By Dr. Larry Rosia, president and CEO
We’ve all heard that phrase at some point in our lives. At Saskatchewan Polytechnic, it has a significant meaning.
Experience is important. There are a number of ways whereby people can gain knowledge and develop skills—and it is our belief that such effort should be acknowledged. It is one of the reasons we began using a process called PLAR—short for Prior Learning Assessment and Recognition—over 20 years ago.
In the 2016-17 academic year, more than 600 Sask Polytech students used PLAR as a way to gain course credit. Of the 1,500 courses challenged for credit through PLAR, more than 90 per cent resulted in credit received. PLAR credit is awarded through a process of assessing knowledge and skills gained through informal learning on the job, in volunteer capacities, or by self-study, measured against the learning outcomes of Sask Polytech’s courses.
As well, nearly 1,000 students received transfer credit for previously taken post-secondary learning, resulting in 2,400 credits granted, according to Sask Polytech’s Institutional Research & Analysis Office.
Rhonda Fairburn is a recent graduate of the Office Administration program, who benefitted because of PLAR.
“Most of the positions I was applying for required an Office Education or Office Administration certificate, which I didn’t have at the time,” Fairburn says. “PLAR helped me upgrade my certificate so I could find a job.”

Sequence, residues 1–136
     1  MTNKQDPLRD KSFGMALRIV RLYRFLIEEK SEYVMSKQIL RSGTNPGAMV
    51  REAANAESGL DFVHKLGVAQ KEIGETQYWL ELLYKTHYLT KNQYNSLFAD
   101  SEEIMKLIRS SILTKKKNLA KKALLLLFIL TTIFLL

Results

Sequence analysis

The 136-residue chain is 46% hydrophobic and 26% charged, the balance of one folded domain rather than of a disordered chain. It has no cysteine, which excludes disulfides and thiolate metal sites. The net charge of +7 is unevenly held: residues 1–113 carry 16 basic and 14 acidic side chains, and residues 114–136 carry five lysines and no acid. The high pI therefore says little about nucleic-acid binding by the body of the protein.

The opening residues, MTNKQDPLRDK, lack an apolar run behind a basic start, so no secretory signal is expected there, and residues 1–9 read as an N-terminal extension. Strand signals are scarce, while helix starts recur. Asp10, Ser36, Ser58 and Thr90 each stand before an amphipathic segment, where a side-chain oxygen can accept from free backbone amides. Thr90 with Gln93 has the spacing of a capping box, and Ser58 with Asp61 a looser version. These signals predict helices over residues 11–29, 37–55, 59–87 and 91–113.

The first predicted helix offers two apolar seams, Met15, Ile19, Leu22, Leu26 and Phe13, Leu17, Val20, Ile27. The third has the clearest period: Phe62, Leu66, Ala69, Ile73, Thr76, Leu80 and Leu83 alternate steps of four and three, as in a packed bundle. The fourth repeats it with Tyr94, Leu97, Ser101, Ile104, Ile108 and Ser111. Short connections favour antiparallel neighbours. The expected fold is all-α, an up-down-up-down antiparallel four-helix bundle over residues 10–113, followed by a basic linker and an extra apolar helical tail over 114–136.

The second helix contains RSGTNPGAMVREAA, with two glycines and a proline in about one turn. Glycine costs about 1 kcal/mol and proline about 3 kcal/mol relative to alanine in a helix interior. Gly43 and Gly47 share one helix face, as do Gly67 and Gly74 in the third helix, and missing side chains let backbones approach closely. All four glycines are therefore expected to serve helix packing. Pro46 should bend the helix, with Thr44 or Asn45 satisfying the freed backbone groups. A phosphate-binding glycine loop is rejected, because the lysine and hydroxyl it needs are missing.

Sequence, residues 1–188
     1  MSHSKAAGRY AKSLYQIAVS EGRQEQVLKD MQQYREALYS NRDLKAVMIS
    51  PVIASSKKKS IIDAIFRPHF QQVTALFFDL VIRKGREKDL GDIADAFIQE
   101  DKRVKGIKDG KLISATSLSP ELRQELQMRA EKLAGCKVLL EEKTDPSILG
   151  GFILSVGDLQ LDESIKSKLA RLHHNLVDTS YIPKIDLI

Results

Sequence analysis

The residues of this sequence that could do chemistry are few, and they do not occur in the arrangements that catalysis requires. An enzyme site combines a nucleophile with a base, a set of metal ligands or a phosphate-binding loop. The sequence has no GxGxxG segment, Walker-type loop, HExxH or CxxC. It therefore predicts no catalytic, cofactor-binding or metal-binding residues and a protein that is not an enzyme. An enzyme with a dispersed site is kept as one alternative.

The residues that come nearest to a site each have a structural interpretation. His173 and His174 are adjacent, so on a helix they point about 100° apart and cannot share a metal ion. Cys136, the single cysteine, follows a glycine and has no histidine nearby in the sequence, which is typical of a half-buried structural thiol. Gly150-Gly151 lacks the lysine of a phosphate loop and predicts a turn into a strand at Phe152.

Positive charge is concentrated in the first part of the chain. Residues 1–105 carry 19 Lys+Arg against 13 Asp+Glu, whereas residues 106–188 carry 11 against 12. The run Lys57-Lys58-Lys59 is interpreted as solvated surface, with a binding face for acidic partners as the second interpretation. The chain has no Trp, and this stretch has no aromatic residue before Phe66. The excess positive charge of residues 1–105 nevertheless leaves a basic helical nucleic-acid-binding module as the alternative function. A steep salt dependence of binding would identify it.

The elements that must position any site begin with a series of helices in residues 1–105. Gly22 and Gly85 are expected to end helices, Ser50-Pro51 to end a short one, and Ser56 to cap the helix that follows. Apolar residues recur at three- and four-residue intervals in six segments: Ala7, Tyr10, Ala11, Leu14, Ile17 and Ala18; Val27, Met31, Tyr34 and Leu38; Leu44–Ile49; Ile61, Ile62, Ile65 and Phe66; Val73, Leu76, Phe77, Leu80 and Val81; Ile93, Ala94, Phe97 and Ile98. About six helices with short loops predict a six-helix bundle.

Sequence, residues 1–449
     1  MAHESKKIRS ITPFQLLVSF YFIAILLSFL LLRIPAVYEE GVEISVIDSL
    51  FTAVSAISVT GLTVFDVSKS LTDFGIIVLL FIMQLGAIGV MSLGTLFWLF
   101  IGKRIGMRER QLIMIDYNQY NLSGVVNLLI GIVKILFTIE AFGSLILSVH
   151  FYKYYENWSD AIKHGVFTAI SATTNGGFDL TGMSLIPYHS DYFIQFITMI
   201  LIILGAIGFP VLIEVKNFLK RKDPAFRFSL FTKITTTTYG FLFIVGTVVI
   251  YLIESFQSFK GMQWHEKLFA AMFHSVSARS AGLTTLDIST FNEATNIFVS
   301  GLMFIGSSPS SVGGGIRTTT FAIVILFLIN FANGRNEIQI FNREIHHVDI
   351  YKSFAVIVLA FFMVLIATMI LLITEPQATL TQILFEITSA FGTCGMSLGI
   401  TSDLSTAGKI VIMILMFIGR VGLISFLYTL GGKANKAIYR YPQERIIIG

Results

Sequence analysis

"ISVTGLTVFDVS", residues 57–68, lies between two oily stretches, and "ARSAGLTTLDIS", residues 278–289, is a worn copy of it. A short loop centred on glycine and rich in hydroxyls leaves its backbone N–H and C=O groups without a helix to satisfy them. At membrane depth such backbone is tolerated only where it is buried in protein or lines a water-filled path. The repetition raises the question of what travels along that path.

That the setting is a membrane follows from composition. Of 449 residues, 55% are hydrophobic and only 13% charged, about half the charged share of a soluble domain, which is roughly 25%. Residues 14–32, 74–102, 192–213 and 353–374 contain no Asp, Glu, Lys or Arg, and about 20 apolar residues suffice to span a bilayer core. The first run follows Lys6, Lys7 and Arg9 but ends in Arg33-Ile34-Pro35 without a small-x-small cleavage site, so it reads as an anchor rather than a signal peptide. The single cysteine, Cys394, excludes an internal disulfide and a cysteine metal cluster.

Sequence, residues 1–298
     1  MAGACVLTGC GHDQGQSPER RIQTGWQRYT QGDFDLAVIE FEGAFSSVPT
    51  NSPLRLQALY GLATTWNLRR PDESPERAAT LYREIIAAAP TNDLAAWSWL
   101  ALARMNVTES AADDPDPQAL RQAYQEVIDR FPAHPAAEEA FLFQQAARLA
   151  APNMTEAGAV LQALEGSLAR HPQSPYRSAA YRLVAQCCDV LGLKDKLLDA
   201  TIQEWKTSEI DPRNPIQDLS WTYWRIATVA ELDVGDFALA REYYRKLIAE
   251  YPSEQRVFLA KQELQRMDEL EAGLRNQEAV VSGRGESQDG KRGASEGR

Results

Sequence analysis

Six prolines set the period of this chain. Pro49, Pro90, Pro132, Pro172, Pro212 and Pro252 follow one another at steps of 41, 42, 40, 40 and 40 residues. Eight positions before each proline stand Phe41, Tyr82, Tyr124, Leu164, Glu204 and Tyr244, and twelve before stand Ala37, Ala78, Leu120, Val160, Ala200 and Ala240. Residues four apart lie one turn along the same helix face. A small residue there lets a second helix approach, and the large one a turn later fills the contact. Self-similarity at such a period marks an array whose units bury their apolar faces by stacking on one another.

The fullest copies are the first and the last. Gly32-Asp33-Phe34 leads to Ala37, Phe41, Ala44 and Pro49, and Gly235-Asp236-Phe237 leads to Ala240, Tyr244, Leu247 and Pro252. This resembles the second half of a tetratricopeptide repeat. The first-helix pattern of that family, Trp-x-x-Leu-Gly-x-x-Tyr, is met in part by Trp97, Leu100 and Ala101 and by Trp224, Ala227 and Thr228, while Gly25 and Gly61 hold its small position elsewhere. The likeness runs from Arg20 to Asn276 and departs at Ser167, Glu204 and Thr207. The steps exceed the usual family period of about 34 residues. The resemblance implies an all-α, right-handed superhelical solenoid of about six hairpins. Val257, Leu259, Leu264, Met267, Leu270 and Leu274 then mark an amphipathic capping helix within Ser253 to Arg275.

Working with Sask Polytech’s faculty and staff, Fairburn was able to develop a plan that helped her achieve her career and educational goals.
“It was harder than I thought it would be…I had 16 years of experience doing all the tasks, but being in a learning environment was much different,” she said. “But one-by-one I passed the courses and gained confidence for any challenges that may arise.”
I was reminded of the tremendous difference offerings like PLAR can make in the lives of those pursuing post-secondary educations after reading an article in the Winnipeg Free Press about job churn and Canadian soldiers who have been unable to convert their advanced training into meaningful careers.
Written by Polytechnics Canada CEO, Nobina Robinson (Full disclosure: Sask Polytech is a member of Polytechnics Canada and I serve on its Board as Vice Chair), the article points out that the British Columbia Institute of Technology (BCIT) developed a program at its SITE Centre, which conducts prior learning-related research and assessment activities, and converts them into advanced-placement education options.
“At BCIT,” Robinson writes, “the Legion Military Skills Conversion Program accelerates and advances the civilian careers of former and current members of the Canadian Forces. They do this by mapping learning outcomes rather than course equivalencies, so that those from non-traditional educational backgrounds are given advanced standing in education and training programs.”
Saskatchewan Polytechnic, which has met with BCIT officials, is exploring offering a similar program. Like other post-secondary institutions, we are committed to doing all we can to assist our veterans.
Sask Polytech is a provincial and national leader in PLAR and has more than 130 pathways established with other institutions to provide further opportunities for our graduates.
There is no question that PLAR makes a profound difference in the lives of our students—and that there are opportunities for Saskatchewan Polytechnic—and all post-secondary institutions, for that matter—to take advantage of the incredible wealth of experience that exists.
Because experience truly does count.